“Nancy said, NO. I said bye-bye”

Post Presidential address group photo courtesy of White House Social Media Director, Dan Scavino


Trump Probably Could’ve Gotten His Wall Easy, If He Hadn’t Made It Into Such A Symbol And If He’d Backed Off On His “Immigrants Are Coming To Kill Us” Anecdotes, Which Took Up 1/4 Of His Recent Speech To The Nation…


He also could’ve started a dialogue that would’ve almost certainly caused major rifts within the Democratic Party.

But pulling that off would’ve required finesse, and Trump doesn’t operate like that. And we’re not just talking about his turning down the “DACA for wall” deal that he’d originally struck with Democrats.

One of the things that’s been somewhat lost in all the mudslinging is that there are two separate challenges at the Southern Border that are being deliberately conflated for political purposes, but are very different.

  1. People sneaking into the country across the Southern Border. Mostly younger people looking for work. This was the primary illegal immigration issue for decades, and has been addressed piecemeal by government funding including the construction of some walls and fences. But the number of people attempting to enter the U.S. this way has been consistently declining. (Nor do most drugs come in this way.)
  2. People presenting themselves at ports of entry and applying for asylum on the basis of dangerous conditions for them in their home countries. The number of people attempting to enter the country this way has been rapidly increasing. (Most drugs come in through border crossings—Democrats say they would certainly support more technology and agents to better search vehicles.)

More walls (maybe) stop the people trying to sneak into the country illegally, but there are fewer of them. More walls (definitely) do nothing to reduce the number of asylum seekers, and their numbers are growing.

So Trump could say “look, we need to get past the wall because asylum reform is even a bigger problem right now”. Which it is absolutely for him because that’s what’s led to the family separation and child detention center abominations.

Focusing on asylum law reform would also almost assuredly cause major rifts within the Democratic Party, because there would be so many opposing views and disputes from so many wings of the party on how to regulate the number of asylum seekers, and procedures involving refugees. You’d get Democrats turning on each other like nobody’s business, with far fewer rifts on the Republican side.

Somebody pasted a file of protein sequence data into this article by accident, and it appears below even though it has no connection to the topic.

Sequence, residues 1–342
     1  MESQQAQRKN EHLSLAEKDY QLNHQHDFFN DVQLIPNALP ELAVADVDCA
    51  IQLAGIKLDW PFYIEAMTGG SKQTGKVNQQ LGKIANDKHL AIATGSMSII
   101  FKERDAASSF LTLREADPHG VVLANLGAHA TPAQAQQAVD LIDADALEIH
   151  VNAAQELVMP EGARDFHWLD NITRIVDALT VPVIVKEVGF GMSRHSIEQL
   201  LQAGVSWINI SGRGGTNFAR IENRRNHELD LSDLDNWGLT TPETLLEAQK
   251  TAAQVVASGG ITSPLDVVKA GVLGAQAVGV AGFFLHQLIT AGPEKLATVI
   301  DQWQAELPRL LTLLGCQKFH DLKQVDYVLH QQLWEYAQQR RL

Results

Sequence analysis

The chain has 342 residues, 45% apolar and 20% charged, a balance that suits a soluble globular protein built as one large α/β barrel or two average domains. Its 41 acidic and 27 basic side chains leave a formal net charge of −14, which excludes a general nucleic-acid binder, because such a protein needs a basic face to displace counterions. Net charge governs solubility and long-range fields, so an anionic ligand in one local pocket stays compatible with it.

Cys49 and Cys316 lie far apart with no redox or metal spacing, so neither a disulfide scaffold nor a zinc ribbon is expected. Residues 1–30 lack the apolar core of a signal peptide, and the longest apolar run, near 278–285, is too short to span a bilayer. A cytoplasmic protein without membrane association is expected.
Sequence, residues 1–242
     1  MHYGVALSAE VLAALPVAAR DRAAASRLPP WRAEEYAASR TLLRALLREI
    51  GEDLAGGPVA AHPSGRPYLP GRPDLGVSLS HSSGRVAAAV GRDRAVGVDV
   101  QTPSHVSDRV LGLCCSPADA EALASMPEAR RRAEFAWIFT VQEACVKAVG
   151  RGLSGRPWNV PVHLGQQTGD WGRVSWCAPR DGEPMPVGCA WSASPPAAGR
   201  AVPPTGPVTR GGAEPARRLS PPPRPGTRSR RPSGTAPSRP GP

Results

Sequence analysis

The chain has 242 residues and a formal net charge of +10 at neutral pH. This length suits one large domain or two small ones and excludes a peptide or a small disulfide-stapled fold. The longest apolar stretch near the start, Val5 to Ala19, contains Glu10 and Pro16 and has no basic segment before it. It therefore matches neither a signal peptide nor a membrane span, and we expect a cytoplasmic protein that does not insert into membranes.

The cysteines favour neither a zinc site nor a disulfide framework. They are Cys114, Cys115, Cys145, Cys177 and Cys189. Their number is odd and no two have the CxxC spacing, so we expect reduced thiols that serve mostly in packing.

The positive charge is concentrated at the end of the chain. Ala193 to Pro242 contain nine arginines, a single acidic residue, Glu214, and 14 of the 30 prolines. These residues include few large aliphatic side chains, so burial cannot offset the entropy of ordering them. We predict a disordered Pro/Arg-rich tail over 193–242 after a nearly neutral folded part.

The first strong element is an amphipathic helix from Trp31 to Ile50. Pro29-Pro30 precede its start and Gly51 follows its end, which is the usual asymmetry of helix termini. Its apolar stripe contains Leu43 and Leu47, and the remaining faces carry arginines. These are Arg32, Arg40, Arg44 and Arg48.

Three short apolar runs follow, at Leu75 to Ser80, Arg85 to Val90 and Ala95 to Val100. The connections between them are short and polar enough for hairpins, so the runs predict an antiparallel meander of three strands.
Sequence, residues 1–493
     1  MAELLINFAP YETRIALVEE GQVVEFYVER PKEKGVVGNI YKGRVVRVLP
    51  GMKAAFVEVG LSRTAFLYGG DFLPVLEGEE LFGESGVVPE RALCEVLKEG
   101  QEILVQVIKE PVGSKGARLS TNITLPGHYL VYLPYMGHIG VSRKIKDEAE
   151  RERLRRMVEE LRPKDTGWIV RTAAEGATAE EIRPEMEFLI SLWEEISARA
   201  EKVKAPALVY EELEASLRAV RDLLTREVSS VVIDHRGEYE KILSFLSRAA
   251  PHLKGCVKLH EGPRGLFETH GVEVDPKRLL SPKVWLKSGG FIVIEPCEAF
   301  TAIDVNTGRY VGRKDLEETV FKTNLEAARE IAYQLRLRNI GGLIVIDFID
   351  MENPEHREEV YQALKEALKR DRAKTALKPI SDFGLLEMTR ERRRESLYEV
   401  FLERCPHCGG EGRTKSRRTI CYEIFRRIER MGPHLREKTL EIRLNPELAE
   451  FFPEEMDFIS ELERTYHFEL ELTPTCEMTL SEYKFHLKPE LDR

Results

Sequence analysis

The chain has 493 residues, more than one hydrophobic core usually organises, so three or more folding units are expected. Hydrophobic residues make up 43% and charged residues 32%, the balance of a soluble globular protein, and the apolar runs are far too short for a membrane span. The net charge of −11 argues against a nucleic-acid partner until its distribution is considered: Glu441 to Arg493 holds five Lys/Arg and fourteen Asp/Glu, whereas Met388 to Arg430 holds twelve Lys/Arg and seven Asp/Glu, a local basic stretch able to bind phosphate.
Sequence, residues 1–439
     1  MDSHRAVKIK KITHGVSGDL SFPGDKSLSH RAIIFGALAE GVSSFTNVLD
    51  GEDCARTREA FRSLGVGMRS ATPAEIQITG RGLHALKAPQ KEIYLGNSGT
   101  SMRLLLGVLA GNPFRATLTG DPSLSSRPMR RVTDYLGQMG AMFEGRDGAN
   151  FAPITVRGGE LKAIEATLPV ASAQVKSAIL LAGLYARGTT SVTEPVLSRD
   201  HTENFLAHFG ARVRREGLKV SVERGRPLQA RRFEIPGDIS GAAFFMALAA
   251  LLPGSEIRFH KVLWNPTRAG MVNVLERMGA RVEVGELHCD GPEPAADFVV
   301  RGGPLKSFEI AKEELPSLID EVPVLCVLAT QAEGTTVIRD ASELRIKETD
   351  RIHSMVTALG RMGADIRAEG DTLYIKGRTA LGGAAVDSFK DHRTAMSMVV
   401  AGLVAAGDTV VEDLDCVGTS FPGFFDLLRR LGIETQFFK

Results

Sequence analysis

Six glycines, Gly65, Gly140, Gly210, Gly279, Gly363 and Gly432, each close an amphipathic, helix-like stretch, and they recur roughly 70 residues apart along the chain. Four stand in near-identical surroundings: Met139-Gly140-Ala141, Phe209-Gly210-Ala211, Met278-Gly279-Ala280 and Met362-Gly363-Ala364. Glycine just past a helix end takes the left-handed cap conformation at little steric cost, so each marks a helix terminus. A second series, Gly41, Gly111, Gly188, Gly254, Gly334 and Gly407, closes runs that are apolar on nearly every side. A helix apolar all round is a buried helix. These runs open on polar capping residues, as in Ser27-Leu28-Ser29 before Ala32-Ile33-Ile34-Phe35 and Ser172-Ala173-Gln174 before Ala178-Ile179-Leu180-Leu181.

As Ross Douthat (who we’re usually not that big a fan of) points out in a fascinating opinion piece in the New York Times, Trump’s approach to the wall in that context could be:

“15 years of increased spending on border security — walls and fencing and other barriers very much included — has played a big role in reducing the old kind of illegal immigration, in which single young men cross the border looking for work. My proposed wall, really an expansion of steel fencing, would build on this success, he could have said, and build on policies that Democrats once voted for, in order to make sure the old rates of illegal immigration don’t come back.

And he probably could have gotten it.

But we’re way past that, because it’s too big a symbol. As Washington Post National Security reporter Nick Miroff Tweets:

“This border security debate did not begin with a sober, data-driven proposal for bollard fence modernization & expansion into vulnerable areas. It began with irrational, emotional battle cry.”

So much so that Trump makes a point of making a show of storming out of a meeting with Democratic leaders because they won’t talk wall. 

And perhaps more significant is a sit down with Republicans to make sure they hold the line on the President’s demands, even though they just voted before Christmas to set the wall aside in order to keep the government open. Trump went out of his way to praise Republican Leader Mitch McConnell. But look at who’s (again) conspicuously missing from the group of Republican leaders who addressed the media after the event…


“Where’s Mitch?”


Trump again referenced the possibility of invoking emergency powers to get his wall built, saying “I have the absolute right to do national emergency if I want”. Here’s a clip of him explaining the circumstances that might spur him to do that:


Let’s not lose sight of what the President just said: the national emergency will be if he can’t make a deal with “people that are unreasonable”; if Democrats don’t do as he commands. Trump heads to Texas today, to tour the border.

So now it’s just a game of chicken, with authoritarian overtones.